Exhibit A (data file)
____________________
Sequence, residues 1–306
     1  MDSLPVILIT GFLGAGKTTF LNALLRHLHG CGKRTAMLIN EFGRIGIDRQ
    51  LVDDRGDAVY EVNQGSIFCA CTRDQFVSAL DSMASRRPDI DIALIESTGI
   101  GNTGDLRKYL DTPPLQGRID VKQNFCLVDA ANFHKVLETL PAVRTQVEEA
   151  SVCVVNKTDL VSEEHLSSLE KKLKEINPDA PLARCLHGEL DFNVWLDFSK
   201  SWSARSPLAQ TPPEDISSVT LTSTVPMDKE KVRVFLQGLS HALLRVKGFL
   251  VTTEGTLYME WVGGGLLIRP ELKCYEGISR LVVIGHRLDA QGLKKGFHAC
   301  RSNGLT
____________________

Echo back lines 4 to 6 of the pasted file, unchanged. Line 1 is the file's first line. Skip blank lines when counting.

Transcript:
   101  GNTGDLRKYL DTPPLQGRID VKQNFCLVDA ANFHKVLETL PAVRTQVEEA
   151  SVCVVNKTDL VSEEHLSSLE KKLKEINPDA PLARCLHGEL DFNVWLDFSK
   201  SWSARSPLAQ TPPEDISSVT LTSTVPMDKE KVRVFLQGLS HALLRVKGFL